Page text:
search.noResults

search.searching

dataCollection.invalidEmail
note.createNoteMessage

search.noResults

search.searching

orderForm.title

orderForm.productCode
orderForm.description
orderForm.quantity
orderForm.itemPrice
orderForm.price
orderForm.totalPrice
orderForm.deliveryDetails.billingAddress
orderForm.deliveryDetails.deliveryAddress
orderForm.noItems
INDUSTRY REVIEWNON-RENEWABLE POWER GENERATION


Prospects for individual sectors of the power generation industry very much depend on the particular part of the world


you are talking about. – Joerg Roehl,


Trans Global Projects Group


Trans Global Projects Group (TGP), “prospects for individual sectors of the power generation industry very much depend on the particular part of the world you are talking about”. He explained: “In areas where cost is the


overriding factor, the market for non- renewable power generation is still growing. In developed countries, the renewable energy sector is recording sustainable growth.” Similar points were made by Bahadir


a certain pattern. First, political influences will continue to


P


be the main driver when it comes to investment in the sector. Second, the combined share of new plants using all non-renewable fuels in the worldwide power generation market will increasingly be overtaken by that of renewable energy, particularly wind and solar, both in the developed world and in an ever-growing number of developing countries. When it comes to the individual


www.heavyliftpfi.com


redictions about likely trends in the development of new power generation capacity using non-renewable resources over the next few decades generally follow


non-renewable power plant fuels, gas currently looks set to be the most widely adopted option; nuclear will have a role but remain dogged by uncertainty, with cost and political factors causing frequent project delays and cancellations; coal will steadily lose ground overall but will continue to be deployed in some countries with abundant supplies of that fuel; and the use of oil will be increasingly unattractive. Far less clear at present is exactly how and


at what pace those various trends will play out. The only certainty is that the world will need more power generation capacity using a range of fuels, both renewable and non-renewable. According to Joerg Roehl, ceo Europe for


Erdil, global projects director –USA, and managing director – Turkey, for USA-based Logistics Plus, which has been handling heavy lift and project cargo for coal-fired power plants since it was established more than 20 years ago.


Investment limits “Not all countries and companies can afford to invest in the newest technologies. Although there is a significant increase in renewable power generation globally, we will definitely keep seeing further investment in new plants fuelled by non-renewable resources,” he suggested. That is certainly the case in the


Philippines, for instance, confirmed Elmer Sarmiento, president and ceo of Royal Cargo, which has been involved in a number of coal-fired power plant projects across that country, including GN Power’s Kauswagan project between 2016 and 2018.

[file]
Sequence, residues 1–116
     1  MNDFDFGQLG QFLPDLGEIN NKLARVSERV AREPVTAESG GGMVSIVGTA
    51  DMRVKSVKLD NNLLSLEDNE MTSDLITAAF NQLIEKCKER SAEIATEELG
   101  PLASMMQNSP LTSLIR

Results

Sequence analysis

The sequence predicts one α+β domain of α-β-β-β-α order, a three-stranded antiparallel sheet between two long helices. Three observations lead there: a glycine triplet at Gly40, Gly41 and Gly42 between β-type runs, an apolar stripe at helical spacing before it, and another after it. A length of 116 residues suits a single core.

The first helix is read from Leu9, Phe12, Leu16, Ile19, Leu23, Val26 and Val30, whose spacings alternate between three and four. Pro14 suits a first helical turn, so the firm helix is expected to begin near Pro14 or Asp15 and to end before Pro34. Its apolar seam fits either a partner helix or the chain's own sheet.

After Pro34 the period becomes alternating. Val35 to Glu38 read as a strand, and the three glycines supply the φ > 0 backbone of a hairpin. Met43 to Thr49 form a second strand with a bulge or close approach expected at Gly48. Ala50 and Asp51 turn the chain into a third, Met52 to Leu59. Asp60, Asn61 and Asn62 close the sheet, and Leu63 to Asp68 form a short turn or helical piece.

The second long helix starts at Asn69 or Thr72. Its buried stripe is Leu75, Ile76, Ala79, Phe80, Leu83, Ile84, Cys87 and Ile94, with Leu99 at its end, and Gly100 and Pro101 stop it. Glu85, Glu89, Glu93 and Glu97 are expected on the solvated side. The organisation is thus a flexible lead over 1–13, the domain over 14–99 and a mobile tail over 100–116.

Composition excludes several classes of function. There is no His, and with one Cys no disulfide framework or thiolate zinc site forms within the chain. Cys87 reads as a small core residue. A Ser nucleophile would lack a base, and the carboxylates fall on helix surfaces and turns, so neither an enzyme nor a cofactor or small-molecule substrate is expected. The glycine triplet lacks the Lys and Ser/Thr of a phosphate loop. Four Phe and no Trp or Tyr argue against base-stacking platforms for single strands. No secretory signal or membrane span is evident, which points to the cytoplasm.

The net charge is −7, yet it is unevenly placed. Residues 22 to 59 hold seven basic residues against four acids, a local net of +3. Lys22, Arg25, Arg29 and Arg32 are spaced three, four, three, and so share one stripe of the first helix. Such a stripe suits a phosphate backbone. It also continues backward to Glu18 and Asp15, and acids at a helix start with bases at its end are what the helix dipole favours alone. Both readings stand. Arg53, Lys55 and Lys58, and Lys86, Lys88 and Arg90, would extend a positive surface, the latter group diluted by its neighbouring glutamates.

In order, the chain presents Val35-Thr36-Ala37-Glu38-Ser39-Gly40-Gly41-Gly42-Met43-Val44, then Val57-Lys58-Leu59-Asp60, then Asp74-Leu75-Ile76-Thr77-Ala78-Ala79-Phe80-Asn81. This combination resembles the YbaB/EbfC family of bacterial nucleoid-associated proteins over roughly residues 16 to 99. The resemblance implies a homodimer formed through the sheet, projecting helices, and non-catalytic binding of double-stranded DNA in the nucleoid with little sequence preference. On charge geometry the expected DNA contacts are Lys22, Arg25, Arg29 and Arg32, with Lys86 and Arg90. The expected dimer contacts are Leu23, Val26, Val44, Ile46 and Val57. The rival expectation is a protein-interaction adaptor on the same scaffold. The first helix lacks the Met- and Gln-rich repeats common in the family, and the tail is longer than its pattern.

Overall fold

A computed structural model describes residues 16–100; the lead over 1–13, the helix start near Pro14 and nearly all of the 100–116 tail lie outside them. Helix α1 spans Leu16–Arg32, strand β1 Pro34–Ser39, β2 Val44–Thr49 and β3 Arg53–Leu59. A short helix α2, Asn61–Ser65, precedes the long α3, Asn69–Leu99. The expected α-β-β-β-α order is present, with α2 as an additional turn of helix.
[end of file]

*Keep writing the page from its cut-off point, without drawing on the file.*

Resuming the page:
May/June 2019 39


Page 1  |  Page 2  |  Page 3  |  Page 4  |  Page 5  |  Page 6  |  Page 7  |  Page 8  |  Page 9  |  Page 10  |  Page 11  |  Page 12  |  Page 13  |  Page 14  |  Page 15  |  Page 16  |  Page 17  |  Page 18  |  Page 19  |  Page 20  |  Page 21  |  Page 22  |  Page 23  |  Page 24  |  Page 25  |  Page 26  |  Page 27  |  Page 28  |  Page 29  |  Page 30  |  Page 31  |  Page 32  |  Page 33  |  Page 34  |  Page 35  |  Page 36  |  Page 37  |  Page 38  |  Page 39  |  Page 40  |  Page 41  |  Page 42  |  Page 43  |  Page 44  |  Page 45  |  Page 46  |  Page 47  |  Page 48  |  Page 49  |  Page 50  |  Page 51  |  Page 52  |  Page 53  |  Page 54  |  Page 55  |  Page 56  |  Page 57  |  Page 58  |  Page 59  |  Page 60  |  Page 61  |  Page 62  |  Page 63  |  Page 64  |  Page 65  |  Page 66  |  Page 67  |  Page 68  |  Page 69  |  Page 70  |  Page 71  |  Page 72  |  Page 73  |  Page 74  |  Page 75  |  Page 76  |  Page 77  |  Page 78  |  Page 79  |  Page 80  |  Page 81  |  Page 82  |  Page 83  |  Page 84  |  Page 85  |  Page 86  |  Page 87  |  Page 88  |  Page 89  |  Page 90  |  Page 91  |  Page 92  |  Page 93  |  Page 94  |  Page 95  |  Page 96  |  Page 97  |  Page 98  |  Page 99  |  Page 100  |  Page 101  |  Page 102  |  Page 103  |  Page 104  |  Page 105  |  Page 106  |  Page 107  |  Page 108  |  Page 109  |  Page 110  |  Page 111  |  Page 112  |  Page 113  |  Page 114  |  Page 115  |  Page 116  |  Page 117  |  Page 118  |  Page 119  |  Page 120  |  Page 121  |  Page 122  |  Page 123  |  Page 124  |  Page 125  |  Page 126  |  Page 127  |  Page 128  |  Page 129  |  Page 130  |  Page 131  |  Page 132  |  Page 133  |  Page 134  |  Page 135  |  Page 136  |  Page 137  |  Page 138  |  Page 139  |  Page 140  |  Page 141  |  Page 142  |  Page 143  |  Page 144  |  Page 145  |  Page 146  |  Page 147  |  Page 148  |  Page 149  |  Page 150  |  Page 151  |  Page 152  |  Page 153  |  Page 154  |  Page 155  |  Page 156  |  Page 157  |  Page 158  |  Page 159  |  Page 160  |  Page 161  |  Page 162  |  Page 163  |  Page 164  |  Page 165  |  Page 166